July 7, 1975


JAMA. 1975;233(1):79-80. doi:10.1001/jama.1975.03260010081033

"MARIHUANA is no more dangerous than alcohol or cigarettes and should be legalized for anyone over the age of sixteen." So declared Margaret Mead in 1968. Ever since, similar statements have been made with increasing regularity by others who wish to see the use of marihuana legalized, or at the very least "decriminalized."

And yet, in that same year, 1968, a joint statement was issued by the Committee on Drug Dependence of the National Research Council, National Academy of Sciences, and the American Medical Association, stressing the following points:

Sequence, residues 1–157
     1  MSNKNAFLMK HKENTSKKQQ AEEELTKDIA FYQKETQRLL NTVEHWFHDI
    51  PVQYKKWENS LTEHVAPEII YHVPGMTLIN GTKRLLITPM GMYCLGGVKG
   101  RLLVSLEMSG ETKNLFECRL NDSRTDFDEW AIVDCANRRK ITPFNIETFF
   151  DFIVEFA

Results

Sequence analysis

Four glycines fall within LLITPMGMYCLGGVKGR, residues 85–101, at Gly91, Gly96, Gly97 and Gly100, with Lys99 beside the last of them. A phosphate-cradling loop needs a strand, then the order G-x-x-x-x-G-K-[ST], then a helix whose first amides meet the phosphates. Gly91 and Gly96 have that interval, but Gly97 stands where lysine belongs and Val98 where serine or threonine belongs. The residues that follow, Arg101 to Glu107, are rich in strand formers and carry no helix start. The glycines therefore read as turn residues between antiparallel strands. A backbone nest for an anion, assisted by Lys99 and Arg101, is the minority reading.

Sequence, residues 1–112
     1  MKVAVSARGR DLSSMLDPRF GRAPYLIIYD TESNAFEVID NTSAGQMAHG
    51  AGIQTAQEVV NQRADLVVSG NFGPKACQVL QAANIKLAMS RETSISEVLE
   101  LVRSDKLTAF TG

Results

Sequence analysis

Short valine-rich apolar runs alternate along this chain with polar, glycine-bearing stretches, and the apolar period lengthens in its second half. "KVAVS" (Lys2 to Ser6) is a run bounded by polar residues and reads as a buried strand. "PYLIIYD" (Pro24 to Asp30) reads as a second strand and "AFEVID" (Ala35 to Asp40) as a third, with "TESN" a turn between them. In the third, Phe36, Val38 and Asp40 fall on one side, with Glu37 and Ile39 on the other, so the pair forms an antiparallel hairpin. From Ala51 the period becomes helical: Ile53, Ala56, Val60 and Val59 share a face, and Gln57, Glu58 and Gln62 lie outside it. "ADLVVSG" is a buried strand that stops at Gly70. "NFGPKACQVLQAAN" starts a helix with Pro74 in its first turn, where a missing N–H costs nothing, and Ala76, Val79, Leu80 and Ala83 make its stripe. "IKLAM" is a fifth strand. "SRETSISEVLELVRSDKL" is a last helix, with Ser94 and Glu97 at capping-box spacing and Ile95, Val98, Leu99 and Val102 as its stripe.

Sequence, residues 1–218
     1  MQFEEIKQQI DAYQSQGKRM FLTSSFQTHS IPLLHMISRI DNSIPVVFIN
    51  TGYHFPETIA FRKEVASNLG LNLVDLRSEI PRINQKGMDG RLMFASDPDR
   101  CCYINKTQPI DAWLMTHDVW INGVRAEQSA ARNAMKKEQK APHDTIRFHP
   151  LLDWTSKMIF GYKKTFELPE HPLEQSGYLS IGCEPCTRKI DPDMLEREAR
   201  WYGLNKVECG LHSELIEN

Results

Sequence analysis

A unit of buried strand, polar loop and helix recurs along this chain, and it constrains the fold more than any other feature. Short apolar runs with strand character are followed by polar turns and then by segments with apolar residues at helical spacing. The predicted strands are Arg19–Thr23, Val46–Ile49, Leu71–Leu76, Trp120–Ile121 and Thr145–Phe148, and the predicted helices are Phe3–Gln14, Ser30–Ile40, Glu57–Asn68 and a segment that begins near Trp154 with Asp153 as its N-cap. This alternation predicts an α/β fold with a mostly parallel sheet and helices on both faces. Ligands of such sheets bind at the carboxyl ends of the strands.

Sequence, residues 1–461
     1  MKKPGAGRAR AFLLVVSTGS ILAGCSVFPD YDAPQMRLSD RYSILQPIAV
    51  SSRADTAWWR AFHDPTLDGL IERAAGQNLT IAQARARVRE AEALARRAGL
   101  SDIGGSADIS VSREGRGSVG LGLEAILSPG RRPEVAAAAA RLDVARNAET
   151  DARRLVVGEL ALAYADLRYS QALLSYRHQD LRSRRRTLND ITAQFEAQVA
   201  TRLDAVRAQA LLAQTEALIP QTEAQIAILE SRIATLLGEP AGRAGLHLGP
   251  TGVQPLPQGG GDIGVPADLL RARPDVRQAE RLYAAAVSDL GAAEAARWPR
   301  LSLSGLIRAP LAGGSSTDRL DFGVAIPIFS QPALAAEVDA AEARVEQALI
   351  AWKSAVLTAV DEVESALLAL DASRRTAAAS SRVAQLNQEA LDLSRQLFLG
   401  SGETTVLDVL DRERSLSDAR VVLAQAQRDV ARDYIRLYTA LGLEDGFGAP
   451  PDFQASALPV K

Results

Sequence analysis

1. Cannabis is a dangerous drug and a public health concern. In virtually all societies where it has been extensively used, sanctions against both users and distributors have been necessary.

  2. Legalization of marihuana would create a serious abuse problem in the United States.

  3. Penalties for violations of marihuana laws are too harsh. They should therefore be modified to penalize